I never forgot about Aqueduct. Dave Terry’s ebullient synth-pop project was one of the only Seattle bands I cared about when I moved here in 2007, concurrent with the release of Or Give Me Death, his fourth album for Barsuk Records. Terry was my first interview with a Seattle musician and he proved affable and worldly and self-aware. After that interview Aqueduct played a half-packed show at Chop Suey and then left the scene. Terry was still around—I’d see him out at shows—but he seemingly ceased his musical output. In the meantime I rocked I Sold Gold, the Aqueduct album I fell for in 2005 when I lived in the culture desert that is Fort Lauderdale.
Why all this biographical backstory? Because as Terry releases a new album this month, the interim stretches back like a chasm, inviting self-reflection. Personally and culturally, a lot happened in the intervening eight years. I’m coming back to the band to find out what’s different about it and, by extrapolation, what’s different about myself.
I’m more intrigued by Terry’s hiatus than discouraged. Whatever he’s been up to—Kids? Corporate job? Peace Corps? Cult?—he definitely wasn’t making shitty records. Nor was he Axl Rose-ing/Dr. Dre-ing in limbo, threatening new music but delivering only frustration. Instead Wild Knights arrives un-hyped. Like an offering, a surprise, a gift conveying humility and good vibes before the first note sounds.
And then the songs are great and the record is magnetic.
On Wild Knights, Terry is the guy at the house party encircled by friends and friends-of-friends hanging on his every word. It’s not just his self-deprecating story-songs and articulate wit. On “Paranoid Much?” he sings, “You keep insisting everybody’s always after me/Insisting every tragedy is one of three/I look over my shoulder/and you’re gone” (and in fact the song takes place at a house party). From the titular pun to the conspiracy theory referenced in the lyrics, there’s a lot going on in the song. But it’s his voice that sells it—a boyish voice delivered with grown-up polish, too earnest for irony, too skeptical to take himself seriously, confident in every contradiction. It runs that way throughout the album’s every turn.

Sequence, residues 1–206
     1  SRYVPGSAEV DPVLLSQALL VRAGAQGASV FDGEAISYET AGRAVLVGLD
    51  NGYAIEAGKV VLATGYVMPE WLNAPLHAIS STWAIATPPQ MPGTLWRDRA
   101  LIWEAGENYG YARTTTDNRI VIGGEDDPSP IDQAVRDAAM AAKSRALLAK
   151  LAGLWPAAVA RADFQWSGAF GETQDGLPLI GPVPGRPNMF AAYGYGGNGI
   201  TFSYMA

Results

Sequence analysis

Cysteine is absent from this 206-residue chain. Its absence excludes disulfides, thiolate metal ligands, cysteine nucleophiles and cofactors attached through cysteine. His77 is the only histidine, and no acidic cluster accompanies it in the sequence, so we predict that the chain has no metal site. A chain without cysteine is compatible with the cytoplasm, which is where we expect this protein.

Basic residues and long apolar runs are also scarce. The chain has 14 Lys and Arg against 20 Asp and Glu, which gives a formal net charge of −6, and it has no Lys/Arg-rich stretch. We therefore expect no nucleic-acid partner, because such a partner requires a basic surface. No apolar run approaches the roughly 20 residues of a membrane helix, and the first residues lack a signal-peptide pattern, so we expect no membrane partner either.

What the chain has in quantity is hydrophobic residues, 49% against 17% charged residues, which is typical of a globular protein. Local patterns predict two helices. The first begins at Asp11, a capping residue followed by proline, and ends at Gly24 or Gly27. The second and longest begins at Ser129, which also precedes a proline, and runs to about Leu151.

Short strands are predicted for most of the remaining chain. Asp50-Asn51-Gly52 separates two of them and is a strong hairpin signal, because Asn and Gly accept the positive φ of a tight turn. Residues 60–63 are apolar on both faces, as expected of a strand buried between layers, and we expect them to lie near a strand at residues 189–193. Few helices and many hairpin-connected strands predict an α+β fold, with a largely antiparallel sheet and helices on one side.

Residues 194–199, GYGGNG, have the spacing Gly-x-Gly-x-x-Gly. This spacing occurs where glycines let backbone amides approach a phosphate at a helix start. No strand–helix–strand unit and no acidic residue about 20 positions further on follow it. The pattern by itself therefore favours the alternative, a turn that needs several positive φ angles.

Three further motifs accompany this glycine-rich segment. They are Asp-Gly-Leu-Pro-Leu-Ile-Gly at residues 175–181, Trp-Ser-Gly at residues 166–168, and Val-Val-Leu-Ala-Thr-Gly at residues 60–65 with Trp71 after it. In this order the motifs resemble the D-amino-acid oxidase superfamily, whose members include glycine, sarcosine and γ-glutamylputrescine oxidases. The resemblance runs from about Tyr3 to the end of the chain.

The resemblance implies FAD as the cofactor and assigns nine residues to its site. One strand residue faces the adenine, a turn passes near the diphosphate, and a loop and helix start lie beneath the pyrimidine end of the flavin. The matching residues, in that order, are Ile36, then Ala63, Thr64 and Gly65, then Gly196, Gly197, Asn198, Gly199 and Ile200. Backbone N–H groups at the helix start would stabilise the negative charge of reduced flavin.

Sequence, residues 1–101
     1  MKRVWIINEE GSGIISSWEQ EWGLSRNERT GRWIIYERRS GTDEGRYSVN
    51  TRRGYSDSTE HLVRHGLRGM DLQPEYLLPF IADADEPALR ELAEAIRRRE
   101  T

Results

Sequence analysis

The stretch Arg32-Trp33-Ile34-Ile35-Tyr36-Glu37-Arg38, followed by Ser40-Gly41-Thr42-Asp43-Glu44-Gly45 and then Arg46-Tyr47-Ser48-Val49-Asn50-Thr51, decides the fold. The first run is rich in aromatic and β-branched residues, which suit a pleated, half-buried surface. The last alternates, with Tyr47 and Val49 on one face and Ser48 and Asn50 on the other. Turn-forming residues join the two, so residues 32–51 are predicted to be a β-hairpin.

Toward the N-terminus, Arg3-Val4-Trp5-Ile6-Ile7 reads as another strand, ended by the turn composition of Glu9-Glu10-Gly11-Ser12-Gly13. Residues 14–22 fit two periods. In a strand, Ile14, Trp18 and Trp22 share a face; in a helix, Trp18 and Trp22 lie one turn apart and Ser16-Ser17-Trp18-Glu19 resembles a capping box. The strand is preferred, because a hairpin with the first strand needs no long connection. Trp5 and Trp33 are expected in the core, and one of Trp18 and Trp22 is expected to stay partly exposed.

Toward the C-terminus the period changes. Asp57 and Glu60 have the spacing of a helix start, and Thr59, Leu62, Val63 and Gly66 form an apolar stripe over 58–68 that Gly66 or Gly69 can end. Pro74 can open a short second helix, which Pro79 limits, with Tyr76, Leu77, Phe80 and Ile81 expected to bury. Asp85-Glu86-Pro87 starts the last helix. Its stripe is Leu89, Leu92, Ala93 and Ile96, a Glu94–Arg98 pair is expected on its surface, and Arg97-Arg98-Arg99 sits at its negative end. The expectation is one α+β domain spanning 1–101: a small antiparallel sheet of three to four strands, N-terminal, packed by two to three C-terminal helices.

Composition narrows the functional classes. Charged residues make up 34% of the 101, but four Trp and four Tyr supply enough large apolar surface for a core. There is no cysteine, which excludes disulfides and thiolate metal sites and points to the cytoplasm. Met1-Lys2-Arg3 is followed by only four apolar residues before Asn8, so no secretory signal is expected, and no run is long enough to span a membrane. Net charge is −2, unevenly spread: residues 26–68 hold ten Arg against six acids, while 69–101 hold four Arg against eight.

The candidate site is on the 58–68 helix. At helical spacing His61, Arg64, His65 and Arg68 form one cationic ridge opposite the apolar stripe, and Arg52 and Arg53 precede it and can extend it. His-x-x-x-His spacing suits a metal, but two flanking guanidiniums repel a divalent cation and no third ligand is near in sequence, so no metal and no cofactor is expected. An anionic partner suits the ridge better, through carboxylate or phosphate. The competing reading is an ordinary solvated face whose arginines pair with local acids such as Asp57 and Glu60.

Musically Wild Knights hews to Aqueduct’s traditional, keyboard-built foundation of tightly wound pop, interspersing electronic drums with analog, electronic effects with humming guitars. Terry deploys hooks inside hooks inside hooks in ear-sticky concentric circles, yielding an embarrassment of melody, vocal and instrumental. As if there’s too much melody to contain inside him. At least eight years’ worth, finally unleashed, sheepish and bittersweet and golden.
The music, my feelings for it, collectively making it through those eight years relatively OK—it all feels like a well-earned affirmation. For that I give thanks.
Aqueduct celebrates the release of Wild Knights at the Tractor Tavern on July 18.